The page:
Senior Test batsman Cheteshwar Pujara defended the timings of India’s second innings declaration in the first Test against South Africa at Visakhapatnam. He said that the hosts did not want to start the fifth and final day with a soft semi new-ball.

India declared their second innings at 323/4 late in the day leaving South Africa 13 overs on the penultimate day and the full final day to chase the near impossible 395-run target. At stumps on Day 4, the tourists finished at 11/1 with Ravindra Jadeja removing first innings centurion Dean Elgar for just 2.

“It was. We did not want to bowl too many overs because we wanted to keep the ball hard for start of day five. You don’t want to end up bowling too many overs and once the ball gets soft, it gets slightly easier to bat,” Pujara said when asked if the timing of the declaration was right.

“We picked up a crucial wicket (Dean Elgar). So as a team, we are happy with the way things went today,” explained the Saurashtra batsman, who scored a crucial 81 and was involved in a 169-run partnership with twin centurion Rohit Sharma.

Pujara reckoned batting on the fifth day track will be no easy feat. “Hopefully, on day five, this pitch wouldn’t be easy to bat on and there will be a little more assistance for spinners. We have already seen that the pitch offers variable bounce, so the fast bowlers will also come into play. I think so there is enough rough for spinners and the cracks will open up bit more on day five,” he said.

He expects Jadeja to exploit the variable bounce the pitch has on offer.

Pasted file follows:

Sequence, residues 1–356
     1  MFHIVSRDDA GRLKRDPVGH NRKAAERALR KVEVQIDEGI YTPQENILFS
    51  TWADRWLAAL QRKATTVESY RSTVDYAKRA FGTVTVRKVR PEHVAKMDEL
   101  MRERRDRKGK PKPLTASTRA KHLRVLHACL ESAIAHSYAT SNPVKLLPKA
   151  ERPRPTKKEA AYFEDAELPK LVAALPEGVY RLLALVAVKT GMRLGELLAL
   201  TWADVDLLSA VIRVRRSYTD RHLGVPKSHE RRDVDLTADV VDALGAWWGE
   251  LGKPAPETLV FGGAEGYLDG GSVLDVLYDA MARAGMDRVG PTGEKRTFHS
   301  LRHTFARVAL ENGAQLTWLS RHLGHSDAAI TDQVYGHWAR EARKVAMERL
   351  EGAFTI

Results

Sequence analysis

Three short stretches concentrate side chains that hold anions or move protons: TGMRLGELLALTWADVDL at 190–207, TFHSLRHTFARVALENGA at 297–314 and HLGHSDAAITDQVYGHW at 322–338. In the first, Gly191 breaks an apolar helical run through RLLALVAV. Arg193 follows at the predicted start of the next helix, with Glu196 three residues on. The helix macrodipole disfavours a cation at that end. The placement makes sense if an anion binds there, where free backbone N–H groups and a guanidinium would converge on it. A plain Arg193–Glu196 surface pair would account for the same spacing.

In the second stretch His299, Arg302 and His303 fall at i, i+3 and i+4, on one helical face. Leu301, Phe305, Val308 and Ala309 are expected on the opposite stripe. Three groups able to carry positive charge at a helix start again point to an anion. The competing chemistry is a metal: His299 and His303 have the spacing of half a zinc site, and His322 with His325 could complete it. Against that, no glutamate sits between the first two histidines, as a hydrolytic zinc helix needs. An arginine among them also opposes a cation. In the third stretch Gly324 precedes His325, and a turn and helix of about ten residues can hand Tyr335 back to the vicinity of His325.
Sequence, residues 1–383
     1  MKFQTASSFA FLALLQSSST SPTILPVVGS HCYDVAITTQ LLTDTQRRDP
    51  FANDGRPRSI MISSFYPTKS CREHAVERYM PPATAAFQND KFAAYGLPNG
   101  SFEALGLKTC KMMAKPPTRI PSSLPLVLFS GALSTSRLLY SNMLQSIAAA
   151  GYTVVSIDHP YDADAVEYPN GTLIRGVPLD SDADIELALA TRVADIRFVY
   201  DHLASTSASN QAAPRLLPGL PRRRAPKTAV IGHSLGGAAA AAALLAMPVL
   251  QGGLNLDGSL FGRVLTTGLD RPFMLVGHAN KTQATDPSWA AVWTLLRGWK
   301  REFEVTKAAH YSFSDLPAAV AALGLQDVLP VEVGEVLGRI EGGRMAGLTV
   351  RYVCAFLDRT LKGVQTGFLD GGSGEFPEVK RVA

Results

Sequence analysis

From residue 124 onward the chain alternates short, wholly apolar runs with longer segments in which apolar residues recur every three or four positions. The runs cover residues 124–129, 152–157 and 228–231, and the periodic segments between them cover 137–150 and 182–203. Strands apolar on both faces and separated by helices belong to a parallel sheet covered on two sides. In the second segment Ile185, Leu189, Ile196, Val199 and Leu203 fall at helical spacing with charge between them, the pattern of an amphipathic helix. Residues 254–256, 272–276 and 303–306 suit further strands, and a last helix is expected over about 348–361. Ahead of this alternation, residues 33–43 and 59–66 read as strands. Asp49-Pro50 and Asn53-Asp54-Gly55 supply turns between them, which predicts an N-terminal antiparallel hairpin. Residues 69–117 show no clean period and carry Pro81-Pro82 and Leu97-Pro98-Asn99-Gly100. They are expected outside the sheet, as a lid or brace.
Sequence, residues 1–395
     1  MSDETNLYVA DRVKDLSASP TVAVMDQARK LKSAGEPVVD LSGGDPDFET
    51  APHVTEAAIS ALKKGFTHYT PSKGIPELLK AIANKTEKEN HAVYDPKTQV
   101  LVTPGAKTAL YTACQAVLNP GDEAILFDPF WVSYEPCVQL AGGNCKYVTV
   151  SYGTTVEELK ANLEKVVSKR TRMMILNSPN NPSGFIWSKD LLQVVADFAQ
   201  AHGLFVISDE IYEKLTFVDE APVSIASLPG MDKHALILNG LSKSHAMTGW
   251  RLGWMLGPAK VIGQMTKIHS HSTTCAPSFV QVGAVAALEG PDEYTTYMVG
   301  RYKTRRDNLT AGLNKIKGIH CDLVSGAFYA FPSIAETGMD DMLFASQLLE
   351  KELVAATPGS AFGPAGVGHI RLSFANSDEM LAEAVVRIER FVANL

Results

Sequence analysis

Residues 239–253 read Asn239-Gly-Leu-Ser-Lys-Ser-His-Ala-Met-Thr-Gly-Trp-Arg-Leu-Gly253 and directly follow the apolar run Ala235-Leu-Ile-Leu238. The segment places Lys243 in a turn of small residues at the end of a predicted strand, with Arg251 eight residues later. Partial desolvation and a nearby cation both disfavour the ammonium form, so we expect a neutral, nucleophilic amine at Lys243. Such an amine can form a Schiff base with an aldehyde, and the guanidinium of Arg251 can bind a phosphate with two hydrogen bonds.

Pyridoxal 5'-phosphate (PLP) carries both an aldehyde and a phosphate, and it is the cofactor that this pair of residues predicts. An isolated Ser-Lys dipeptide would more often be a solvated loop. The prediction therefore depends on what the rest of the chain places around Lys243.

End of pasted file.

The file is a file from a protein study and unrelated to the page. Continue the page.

“There will be more bounce for the spinners, from the rough. If we see the variable bounce for Jaddu (Jadeja) in that delivery against Elgar, I think the ball hit the crack and kept little low. So, if there is variable bounce, I think the spinners will enjoy hitting the ball on the cracks. But fast bowlers will be difficult to play on these cracks,” said Pujara.

Elaboating on the conditions in the middle, he said: “It was a difficult pitch to bat on. It was not easy to rotate the strike and it was not easy to time the ball well and especially with my game and the kind of shots that I play, I was finding it little difficult early on. I knew that I once I was set, I will able to know the pace of the pitch.

“Once I knew that (pace of the pitch), I actually changed by point of impact little later on. Yes, earlier on it was bit difficult but once I realized that, I played a few shots and obviously with the same technique.”

Rohit batting at an impressive strike-rate helped Pujara to settle down.

“The way Rohit was batting, I felt we were scoring at a decent pace and I could take some extra time to settle down. He batted really well in the first innings also but in the second innings, situation was different. (Especially), to play all those strokes that he did on this wicket. Our partnership was crucial. Our communication was good as he we have batted together since our under-19 days.”

“It was a joy to watch him bat. Hitting sixes is his strength, he has excelled in white ball cricket. The way he hits sixes is incredible and and as a Test batsman, who wants to improve his ODI and T20 cricket, there is lots to learn from him. Especially, when it comes to hitting the ball out of the park,” added Pujara.